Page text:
# Definition:Internal Group Direct Product/Definition 3

## Contents

## Definition

Let $\struct {H_1, \circ {\restriction_{H_1} } }, \struct {H_2, \circ {\restriction_{H_2} } }$ be subgroups of a group $\struct {G, \circ}$

where $\circ {\restriction_{H_1} }, \circ {\restriction_{H_2} }$ are the restrictions of $\circ$ to $H_1, H_2$ respectively.

The group $\struct {G, \circ}$ is the **internal group direct product of $H_1$ and $H_2$** if and only if:

- $(1): \quad \struct {H_1, \circ {\restriction_{H_1} } }$ and $\struct {H_2, \circ {\restriction_{H_2} } }$ are both normal subgroups of $\struct {G, \circ}$

- $(2): \quad G$ is the subset product of $H_1$ and $H_2$, that is: $G = H_1 \circ H_2$

- $(3): \quad$ $H_1 \cap H_2 = \set e$ where $e$ is the identity element of $G$.

## Also known as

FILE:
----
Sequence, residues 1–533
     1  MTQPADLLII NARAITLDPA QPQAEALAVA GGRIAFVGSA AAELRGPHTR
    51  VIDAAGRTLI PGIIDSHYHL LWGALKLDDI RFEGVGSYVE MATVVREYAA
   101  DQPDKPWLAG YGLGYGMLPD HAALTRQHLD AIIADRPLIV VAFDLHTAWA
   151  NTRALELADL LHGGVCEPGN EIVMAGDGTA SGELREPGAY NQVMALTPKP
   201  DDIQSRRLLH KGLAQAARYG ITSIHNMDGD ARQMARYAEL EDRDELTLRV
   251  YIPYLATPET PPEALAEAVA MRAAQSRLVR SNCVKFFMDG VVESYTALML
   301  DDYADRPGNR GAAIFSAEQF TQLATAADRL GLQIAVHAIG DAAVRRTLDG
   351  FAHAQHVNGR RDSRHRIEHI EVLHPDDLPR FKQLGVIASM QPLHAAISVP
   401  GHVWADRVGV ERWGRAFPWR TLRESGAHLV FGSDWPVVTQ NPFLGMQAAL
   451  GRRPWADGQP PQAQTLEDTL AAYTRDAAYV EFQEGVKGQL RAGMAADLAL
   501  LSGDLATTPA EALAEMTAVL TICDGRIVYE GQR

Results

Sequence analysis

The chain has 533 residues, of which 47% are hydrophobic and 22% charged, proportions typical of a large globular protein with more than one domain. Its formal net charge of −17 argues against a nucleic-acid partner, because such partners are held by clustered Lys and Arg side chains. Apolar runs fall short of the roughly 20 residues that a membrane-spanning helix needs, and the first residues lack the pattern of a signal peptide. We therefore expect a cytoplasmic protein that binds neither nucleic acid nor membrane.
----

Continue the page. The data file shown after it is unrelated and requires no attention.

Some authors refer to the **internal group direct product** $H_1 \times H_2$ as the **normal product** of $H_1$ by $H_2$.

Other sources use the term **semidirect product**.

Some authors call it just the **group direct product**, but it should not be confused with the external group direct product.

Although this is just a more specific example of the internal direct product of general algebraic structures, it is usually defined and treated separately because of its considerable conceptual importance.

## Examples

### $C_2 \times C_3$ is Internal Group Direct Product of $C_6$

The direct product of the cyclic groups $C_2$ and $C_3$ is isomorphic to the cyclic groups $C_6$.

Hence it is seen to be an internal group direct product.

## Also see

- Results about
**(internal) group direct products**can be found here.

## Sources

- 1967: John D. Dixon:
*Problems in Group Theory*... (previous) ... (next): Introduction: Notation